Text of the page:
From Meat to Chic: A Brief History of New York’s Meatpacking District

From Meat to Chic: A Brief History of New York’s Meatpacking District
IMAGE CREDIT: BJOERTVEDT, NY MEATPACKING DISTRICT IMG 2206 GANSEWOORT ST HORATIO ST, CC BY-SA 3.0
New York's Meatpacking District-1
Image credit: Bjoertvedt, NY Meatpacking District IMG 2206 gansewoort st horatio st, CC BY-SA 3.0

As a relatively small district on the west side of Manhattan, New York’s Meatpacking District is bordered by the West Village to the south and Chelsea to the north. Home to fashion designers, architects, restaurateurs, and some of the biggest brands in the world, the neighborhood takes its name from the hundreds of slaughterhouses and meatpacking plants that it used to be home to. At their peak in the late 1920s, there were some 250 of these companies — some of which remain to this day.

Even though the district’s industrial and gritty past has largely given way to high-end boutiques, stunning galleries, and an exciting nightlife, the Meatpacking District maintains its unique character. An eclectic mix of cobblestone streets and high-rises, historical architecture and modern retail, and a diverse community from every walk of life await those looking to explore one of New York’s most beloved travel destinations.

So, let’s take a brief look at this district’s fascinating history, and the people, places, and events that have made it what it is today.

The Early Days

History of New York's Meatpacking District 1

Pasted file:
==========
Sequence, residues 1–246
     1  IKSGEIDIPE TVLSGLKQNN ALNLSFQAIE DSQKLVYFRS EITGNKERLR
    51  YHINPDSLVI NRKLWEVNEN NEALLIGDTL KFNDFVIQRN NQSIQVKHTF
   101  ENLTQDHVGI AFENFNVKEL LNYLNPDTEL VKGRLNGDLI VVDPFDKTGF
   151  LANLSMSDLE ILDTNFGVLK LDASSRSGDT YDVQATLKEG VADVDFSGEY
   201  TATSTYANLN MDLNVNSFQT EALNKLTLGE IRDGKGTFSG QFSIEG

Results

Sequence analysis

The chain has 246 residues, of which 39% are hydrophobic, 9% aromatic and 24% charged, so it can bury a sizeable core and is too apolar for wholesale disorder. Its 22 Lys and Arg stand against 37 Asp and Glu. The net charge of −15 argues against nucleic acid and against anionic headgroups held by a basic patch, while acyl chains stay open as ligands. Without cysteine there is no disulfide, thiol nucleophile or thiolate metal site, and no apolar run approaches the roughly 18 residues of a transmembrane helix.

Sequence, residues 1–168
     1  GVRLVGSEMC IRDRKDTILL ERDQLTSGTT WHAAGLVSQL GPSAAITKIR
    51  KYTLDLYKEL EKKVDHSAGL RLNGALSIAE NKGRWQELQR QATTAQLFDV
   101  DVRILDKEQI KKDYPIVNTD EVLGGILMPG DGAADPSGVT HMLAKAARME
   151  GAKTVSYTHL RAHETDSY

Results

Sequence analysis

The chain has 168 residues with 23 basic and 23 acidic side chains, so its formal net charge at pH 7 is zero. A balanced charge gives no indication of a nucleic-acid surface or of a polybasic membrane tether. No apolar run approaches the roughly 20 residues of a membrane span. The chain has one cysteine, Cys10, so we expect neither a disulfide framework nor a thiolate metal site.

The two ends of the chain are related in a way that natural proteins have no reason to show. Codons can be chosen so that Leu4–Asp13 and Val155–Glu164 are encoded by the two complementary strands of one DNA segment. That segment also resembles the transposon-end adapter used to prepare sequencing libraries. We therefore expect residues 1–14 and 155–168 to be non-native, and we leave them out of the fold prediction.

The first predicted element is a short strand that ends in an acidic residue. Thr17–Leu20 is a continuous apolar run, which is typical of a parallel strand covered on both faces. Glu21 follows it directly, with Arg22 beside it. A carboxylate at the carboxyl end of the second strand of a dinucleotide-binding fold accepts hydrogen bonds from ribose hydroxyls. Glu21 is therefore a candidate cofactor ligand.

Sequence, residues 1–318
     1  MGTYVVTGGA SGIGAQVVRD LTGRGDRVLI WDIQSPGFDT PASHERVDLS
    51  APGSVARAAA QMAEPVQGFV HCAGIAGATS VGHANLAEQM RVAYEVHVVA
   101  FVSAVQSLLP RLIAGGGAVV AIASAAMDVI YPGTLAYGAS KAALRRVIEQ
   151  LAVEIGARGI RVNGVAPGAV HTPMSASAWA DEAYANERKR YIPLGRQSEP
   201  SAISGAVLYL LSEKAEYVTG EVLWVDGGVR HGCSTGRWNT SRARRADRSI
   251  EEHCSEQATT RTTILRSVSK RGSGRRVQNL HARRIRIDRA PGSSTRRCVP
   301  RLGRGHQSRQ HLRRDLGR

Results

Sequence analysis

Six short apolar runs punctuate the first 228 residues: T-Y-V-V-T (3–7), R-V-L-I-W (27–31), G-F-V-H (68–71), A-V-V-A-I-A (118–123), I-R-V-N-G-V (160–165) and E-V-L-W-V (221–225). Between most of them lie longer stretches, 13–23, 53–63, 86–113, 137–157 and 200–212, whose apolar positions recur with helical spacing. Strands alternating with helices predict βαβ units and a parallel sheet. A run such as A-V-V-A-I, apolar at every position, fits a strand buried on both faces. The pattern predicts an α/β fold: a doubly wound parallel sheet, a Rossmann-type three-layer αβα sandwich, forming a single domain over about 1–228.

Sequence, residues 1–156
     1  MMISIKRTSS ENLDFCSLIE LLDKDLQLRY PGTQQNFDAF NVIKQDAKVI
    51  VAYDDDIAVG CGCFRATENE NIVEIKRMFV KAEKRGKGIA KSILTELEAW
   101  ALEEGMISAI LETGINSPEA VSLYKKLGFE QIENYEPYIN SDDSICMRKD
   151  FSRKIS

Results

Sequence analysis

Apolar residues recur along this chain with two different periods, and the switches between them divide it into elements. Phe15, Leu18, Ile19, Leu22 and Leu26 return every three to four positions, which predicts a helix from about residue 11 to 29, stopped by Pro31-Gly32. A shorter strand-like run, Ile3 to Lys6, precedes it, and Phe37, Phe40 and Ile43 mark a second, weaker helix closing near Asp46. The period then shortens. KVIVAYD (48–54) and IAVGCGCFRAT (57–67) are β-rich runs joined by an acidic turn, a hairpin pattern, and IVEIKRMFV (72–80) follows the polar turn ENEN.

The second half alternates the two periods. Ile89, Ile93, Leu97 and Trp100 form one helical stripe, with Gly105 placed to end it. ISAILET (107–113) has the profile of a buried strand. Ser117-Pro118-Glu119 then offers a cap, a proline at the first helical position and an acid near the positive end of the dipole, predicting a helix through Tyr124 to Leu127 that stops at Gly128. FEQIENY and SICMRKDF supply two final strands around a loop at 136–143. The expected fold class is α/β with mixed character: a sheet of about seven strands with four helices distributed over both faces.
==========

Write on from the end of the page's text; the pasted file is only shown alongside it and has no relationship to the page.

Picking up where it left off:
This image is in public domain.

Before meatpacking was the central activity in the area, the district was originally a Native American trading station known as Sapokanikan, where every kind of product — from terra cotta and lumber to fresh produce — was bought and sold. In the 1860s, farmers began to migrate here to escape the overcrowded markets in the south, setting up what is known today as the Gansevoort Farmers’ Market. Meanwhile, today’s Chelsea Market was once the headquarters of the National Biscuit Company (now part of Kraft Foods, Inc.), which, between 1898 and 1959, made Oreos and Nilla Wafers for households across America.

The aftermath of the Civil War saw the rise of the eponymous meatpacking plants, and the streets became home to carcasses and slabs of chicken, beef, and pork being traded and transported. Other companies, this time in the cigar, automobile, printing, and cosmetics industries, also grew.

But as maritime traffic decreased in the 1960s, the Meatpacking District experienced a decline until the 1990s. Unfortunately, this meant the closure of many of the meatpacking plants that gave the district its name, giving way to supermarkets and new neighborhoods.

A Place to See and be Seen

The late 1990s marked the rise of new development in the area. Jeffrey Kalinsky, founder of the high-end Jeffery boutique chain, is largely credited as the first retail leader to see the potential of the neighborhood, choosing to set up shop in the Meatpacking District in 1999. And many were quick to follow — the likes of Alexander McQueen, Stella McCartney, Chistian Louboutin, Moschino, and Diane von Furstenberg among them.

In the year 2000, the groundbreaking show Sex and the City saw one of its leads, Samantha, move to the neighborhood, sparking new and exciting public consciousness of the Meatpacking District to viewers around the globe. By 2004, the district was named “New York’s most fashionable neighborhood.”

From then on, developers never looked back. The district saw the launch of an Apple Store in 2007, and The Standard Hotel in 2008. The High Line, an elevated park built on the now-defunct railway, was introduced a year later. Between 2010 and 2012, big name brands like Levi’s and Sephora also made their entrance. All these and more cemented the Meatpacking District’s status as the place to see and be seen.